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Keyword Search Results for:
Mugo Pine

2 Found

Question: 572-2711
I keep cutting back my Mugo Pines but I can not force growth to the bottom. What could be the problem? Dee, Taylorville, IL

Mort's Answer:
Technically a Swiss Stone Pine is Pinus mugo, which grows to 75 feet. Dwarf mugos that are used in Japanese gardens are P.mugo mugo or P.mugo nana. I would stop torturing your pine before it pines away. You might consider moving the tree to a more advantageous spot.

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Question: 1214-5114
We have a Mugo pine that was planted about five years ago. Its new growth was stunted. There are no signs of insects. We also have bumps in the lawn. Any ideas? Don, Middletown, RI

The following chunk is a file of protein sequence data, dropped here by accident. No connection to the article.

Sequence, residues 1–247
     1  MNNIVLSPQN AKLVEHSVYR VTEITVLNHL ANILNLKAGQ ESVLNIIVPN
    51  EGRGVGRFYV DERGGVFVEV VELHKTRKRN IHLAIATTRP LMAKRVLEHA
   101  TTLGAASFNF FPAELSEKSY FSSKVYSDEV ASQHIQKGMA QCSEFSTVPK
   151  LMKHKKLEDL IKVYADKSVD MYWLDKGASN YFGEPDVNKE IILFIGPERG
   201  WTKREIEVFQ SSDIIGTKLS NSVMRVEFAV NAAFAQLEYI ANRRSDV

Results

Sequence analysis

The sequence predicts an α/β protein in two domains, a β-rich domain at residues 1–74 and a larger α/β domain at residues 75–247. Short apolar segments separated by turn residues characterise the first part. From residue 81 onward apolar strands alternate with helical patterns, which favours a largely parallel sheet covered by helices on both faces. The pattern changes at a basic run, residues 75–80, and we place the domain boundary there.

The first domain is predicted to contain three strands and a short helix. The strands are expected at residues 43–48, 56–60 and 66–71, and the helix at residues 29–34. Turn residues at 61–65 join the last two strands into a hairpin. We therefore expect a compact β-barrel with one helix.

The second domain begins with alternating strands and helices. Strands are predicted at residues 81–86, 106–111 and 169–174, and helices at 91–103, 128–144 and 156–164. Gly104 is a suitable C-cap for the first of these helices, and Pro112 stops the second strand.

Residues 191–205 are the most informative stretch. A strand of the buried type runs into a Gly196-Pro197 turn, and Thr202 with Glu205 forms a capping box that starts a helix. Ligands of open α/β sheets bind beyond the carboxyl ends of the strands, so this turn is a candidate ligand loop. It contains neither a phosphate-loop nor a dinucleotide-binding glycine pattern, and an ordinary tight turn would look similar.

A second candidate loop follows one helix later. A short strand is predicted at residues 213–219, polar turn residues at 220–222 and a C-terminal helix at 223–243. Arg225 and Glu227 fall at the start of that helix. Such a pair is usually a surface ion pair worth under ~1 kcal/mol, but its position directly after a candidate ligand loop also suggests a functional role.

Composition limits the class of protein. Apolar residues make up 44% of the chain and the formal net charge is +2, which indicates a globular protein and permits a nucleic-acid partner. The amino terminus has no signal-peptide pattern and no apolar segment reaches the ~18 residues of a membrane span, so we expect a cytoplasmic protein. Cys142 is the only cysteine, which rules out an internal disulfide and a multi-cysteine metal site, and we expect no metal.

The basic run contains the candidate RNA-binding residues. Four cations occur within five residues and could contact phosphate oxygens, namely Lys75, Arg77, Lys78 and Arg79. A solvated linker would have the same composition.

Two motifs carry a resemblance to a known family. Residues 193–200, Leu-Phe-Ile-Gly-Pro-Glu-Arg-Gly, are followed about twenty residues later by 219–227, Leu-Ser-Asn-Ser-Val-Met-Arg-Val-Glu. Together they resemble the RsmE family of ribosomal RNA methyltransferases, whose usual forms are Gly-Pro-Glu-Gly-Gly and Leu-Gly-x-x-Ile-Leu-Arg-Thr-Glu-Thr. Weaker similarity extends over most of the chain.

Mort's Answer:
They could be related and be the root of your problems. It is likely that there are grubs feeding on the roots of the pine and your lawn. You can check the pine by digging near the roots. If you see small shrimp like bugs, they are feeding on the pine. You will definitely need to apply a grubicide in the spring when the ground is about 65 degrees. Follow directions on the package. Moles are eating your grubs. If you like an organic approach, you can allow the moles to do the job but you will still have bumps in the grass and the pine may not survive. You could apply cinnamon and force the moles to a neighbors house but the grubs will win the day. Unfortunately, when plants are attacked they are vulnerable to many other infestations. By getting rid of the grubs the moles will go to greener pastures and your plants will be healthier.

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